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November 14, 2011

An encore from baritone William Sharp

The last Baltimore Symphony program showcased American music, including Aaron Copland's nostalgic "Old American Songs" with soloist William Sharp. I heard (and read) grumblings after the performance I attended about difficulty hearing the baritone in Meyerhoff Hall.

I heard grumblings after Renee Fleming sang there, too, one more reason why I chalk it up to the acoustics, not the vocalists. I don't think Meyerhoff is so great for solo violin, either, by the way. That said, I had no trouble getting the impact of Sharp's performance, even if a few words were swallowed up by the accompanying orchestral fabric.

I have always been impressed with his interpretive vibrancy, his ability to connect deeply with both words and music. I'd say his students at Peabody are damn lucky.

I thought a little encore from the baritone would be in order, especially for the benefit of anyone who didn't hear the BSO program -- or didn't hear him well enough at one of the performances. Here's a song by ...

Paul Bowles, an unjustly neglected composer, with a text by Tennessee Williams: "Heavenly Grass." This recording easily captures the many qualities that make Sharp such an admirable artist:

Posted by Tim Smith at 9:15 AM | | Comments (2)
Categories: BSO, Clef Notes


Absolutely exquisite. Thanks, Tim, for posting this.

So glad you liked it. That song was new to me, one of those thanks-to-YouTube discoveries. It grabbed me right away, especially, of course, being so fabulously sung. TIM

One of my college roommates linked me to William Sharp's "Heavenly Grass" above. It is wonderful to hear his voice again. My roommate (Kathleen Vandekieft, at the time) and Bill were among students of Mari Taniguchi at Lawrence University. "Miss T" passed away last week. I was a French major, not a vocal student. Even so, I enjoyed participation in music studies with Lawrence Conservatory students, like Bill, Kathy and so many others. Now and then, too rarely, the airwaves bring their talents to inspire me anew. Thank you, Tim, for this one.

And thank you for the most welcome comments. TIM

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About Tim Smith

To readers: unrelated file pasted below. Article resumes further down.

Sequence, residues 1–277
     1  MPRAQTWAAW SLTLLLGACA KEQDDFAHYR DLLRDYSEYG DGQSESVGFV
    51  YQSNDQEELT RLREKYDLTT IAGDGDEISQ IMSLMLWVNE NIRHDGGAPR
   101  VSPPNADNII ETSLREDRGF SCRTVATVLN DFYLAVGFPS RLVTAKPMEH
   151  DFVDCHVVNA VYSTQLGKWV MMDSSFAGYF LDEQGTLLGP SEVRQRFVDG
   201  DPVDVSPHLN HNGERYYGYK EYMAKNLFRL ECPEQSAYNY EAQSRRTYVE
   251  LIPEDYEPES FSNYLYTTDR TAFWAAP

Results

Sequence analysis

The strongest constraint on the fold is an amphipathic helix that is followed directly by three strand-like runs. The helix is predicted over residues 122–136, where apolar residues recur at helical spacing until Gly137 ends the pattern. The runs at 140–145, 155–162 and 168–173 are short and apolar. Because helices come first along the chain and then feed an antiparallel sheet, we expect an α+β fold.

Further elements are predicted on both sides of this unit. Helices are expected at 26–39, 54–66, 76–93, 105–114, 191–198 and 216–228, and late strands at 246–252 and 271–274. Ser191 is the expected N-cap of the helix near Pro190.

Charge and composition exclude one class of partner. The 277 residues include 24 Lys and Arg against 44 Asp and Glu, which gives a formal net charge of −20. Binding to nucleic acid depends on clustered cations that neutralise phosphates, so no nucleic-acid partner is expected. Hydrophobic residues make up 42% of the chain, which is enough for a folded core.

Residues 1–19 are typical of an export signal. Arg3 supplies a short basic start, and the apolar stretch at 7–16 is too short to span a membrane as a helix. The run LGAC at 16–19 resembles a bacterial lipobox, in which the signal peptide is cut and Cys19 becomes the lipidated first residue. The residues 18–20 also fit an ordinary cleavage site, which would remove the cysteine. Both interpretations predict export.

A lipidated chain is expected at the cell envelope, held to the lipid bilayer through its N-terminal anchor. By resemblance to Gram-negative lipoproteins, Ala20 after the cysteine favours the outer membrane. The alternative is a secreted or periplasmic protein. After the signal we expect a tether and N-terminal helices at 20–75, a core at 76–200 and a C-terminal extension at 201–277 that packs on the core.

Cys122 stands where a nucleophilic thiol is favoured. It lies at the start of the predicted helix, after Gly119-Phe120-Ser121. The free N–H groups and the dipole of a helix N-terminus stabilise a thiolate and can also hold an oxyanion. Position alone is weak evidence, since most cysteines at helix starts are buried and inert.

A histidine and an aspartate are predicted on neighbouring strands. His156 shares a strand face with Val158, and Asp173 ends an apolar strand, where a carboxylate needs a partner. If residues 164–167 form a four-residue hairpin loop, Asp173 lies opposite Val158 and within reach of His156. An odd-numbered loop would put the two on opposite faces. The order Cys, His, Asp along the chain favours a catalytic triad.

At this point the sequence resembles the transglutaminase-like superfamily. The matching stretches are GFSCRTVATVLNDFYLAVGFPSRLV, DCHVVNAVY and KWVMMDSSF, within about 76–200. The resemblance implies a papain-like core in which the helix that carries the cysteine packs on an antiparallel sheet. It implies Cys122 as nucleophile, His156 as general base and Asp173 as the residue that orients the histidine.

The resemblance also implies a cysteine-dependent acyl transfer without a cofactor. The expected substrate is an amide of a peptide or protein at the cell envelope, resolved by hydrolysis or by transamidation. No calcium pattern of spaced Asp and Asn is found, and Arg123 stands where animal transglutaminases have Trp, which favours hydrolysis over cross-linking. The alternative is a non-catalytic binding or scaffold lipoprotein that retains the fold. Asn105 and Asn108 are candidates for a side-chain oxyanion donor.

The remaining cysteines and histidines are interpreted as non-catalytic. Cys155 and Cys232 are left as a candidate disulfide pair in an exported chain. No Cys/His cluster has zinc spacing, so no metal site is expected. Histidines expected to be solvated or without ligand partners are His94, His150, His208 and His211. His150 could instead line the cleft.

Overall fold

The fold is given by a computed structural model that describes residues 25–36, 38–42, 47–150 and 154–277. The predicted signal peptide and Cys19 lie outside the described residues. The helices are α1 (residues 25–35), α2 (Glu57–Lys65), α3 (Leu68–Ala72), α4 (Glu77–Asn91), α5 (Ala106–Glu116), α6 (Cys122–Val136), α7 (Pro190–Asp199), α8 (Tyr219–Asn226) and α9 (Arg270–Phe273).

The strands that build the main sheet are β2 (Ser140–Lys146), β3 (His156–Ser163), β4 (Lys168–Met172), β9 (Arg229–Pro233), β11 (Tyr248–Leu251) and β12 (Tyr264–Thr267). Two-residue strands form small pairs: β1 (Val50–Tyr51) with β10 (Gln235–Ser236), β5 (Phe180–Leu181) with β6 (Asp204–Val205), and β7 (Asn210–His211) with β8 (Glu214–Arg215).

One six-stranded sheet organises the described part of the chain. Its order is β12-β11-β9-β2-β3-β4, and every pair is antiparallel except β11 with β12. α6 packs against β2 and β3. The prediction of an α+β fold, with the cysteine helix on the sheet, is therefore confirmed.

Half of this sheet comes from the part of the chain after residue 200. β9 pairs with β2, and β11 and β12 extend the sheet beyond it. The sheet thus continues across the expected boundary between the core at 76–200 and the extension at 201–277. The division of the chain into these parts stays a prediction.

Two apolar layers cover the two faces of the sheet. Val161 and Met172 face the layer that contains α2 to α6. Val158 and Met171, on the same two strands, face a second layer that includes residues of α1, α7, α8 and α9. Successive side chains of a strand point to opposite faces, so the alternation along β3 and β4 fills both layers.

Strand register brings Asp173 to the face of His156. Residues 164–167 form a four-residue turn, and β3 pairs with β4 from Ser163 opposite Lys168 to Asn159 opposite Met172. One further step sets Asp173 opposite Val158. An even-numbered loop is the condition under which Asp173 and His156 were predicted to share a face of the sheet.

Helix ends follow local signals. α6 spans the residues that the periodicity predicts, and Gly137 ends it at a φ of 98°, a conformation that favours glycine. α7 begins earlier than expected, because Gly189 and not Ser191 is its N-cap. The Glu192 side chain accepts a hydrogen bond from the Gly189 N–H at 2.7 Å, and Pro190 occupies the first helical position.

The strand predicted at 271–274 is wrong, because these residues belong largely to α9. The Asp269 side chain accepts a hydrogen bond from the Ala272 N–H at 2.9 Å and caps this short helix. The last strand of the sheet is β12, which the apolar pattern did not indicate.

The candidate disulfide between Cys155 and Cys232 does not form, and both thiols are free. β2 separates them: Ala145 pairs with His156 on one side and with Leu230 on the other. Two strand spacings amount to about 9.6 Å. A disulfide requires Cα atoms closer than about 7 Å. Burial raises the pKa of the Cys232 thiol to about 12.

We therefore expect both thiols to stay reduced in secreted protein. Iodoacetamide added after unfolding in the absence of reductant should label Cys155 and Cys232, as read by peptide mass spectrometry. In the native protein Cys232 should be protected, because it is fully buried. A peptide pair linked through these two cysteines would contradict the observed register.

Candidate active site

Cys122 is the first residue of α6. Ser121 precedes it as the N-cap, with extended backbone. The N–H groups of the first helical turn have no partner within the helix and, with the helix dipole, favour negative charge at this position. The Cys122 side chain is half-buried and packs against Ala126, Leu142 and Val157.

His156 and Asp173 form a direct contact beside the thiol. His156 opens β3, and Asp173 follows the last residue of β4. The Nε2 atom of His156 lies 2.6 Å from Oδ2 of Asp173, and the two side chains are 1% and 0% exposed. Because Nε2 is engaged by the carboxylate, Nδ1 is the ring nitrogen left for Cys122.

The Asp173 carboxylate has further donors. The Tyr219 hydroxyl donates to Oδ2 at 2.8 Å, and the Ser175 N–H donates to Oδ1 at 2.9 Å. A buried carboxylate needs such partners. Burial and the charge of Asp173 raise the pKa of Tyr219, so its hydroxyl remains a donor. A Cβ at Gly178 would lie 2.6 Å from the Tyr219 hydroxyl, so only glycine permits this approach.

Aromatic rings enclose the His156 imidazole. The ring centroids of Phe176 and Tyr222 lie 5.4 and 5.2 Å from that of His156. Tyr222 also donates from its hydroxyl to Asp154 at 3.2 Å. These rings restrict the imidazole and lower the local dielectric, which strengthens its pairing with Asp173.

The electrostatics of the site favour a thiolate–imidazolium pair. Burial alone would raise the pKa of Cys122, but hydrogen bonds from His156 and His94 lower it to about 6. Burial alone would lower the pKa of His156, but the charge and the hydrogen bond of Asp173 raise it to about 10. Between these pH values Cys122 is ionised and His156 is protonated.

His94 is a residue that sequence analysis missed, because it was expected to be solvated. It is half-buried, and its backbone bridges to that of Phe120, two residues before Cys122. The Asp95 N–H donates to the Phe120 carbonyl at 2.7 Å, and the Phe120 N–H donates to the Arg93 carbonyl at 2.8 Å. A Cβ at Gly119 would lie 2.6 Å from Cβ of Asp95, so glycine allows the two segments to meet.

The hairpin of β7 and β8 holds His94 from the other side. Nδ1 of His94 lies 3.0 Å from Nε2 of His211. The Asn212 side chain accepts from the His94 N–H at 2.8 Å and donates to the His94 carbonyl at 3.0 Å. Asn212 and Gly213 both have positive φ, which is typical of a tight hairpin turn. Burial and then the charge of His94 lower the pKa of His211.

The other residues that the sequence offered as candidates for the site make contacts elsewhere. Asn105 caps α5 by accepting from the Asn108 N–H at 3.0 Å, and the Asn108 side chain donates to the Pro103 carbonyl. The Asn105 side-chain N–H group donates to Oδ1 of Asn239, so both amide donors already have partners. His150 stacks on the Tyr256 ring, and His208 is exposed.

Born and raised in Washington, D.C., I couldn't help but develop a keen interest in politics, but music, theater and visual art also proved great attractions. Music became my main focus after high school. I thought about being a cocktail pianist, but I hated taking requests, so I studied music history instead, earning a B.A. in that field from Eisenhower College (Seneca Falls, N.Y.) and an M.A. from Occidental College (Los Angeles). I then landed in journalism. After freelancing for the Washington Post and others, I was classical music critic for the Sun-Sentinel in South Florida, where I also contributed to NPR. I've written for the New York Times, BBC Music Magazine and other publications, and I'm a longtime contributor to Opera News. My book, The NPR Curious Listener's Guide to Classical Music (Perigee, 2002), can be found on the most discerning remainder racks.

I joined the Baltimore Sun as classical music critic in 2000 and, in 2009, also became theater critic, giving me the opportunity to annoy a whole new audience. In 2010, my original Clef Notes blog expanded to encompass a theatrical component -- how could I resist calling it Drama Queens? I hope you'll find both sides of this blog coin worth exploring and reacting to; your own comments are always welcome and valued (well, most of them, at least).

Think of this as your open-all-hours, cyber green room, where there's always a performer or performance to discuss, some news to digest, or maybe just a little good gossip to share.
Note: Tim Smith now writes about the fine arts at This blog will be kept in place as an archive for an indefinite period. Please visit the new location to get the latest Mid-Atlantic arts coverage.
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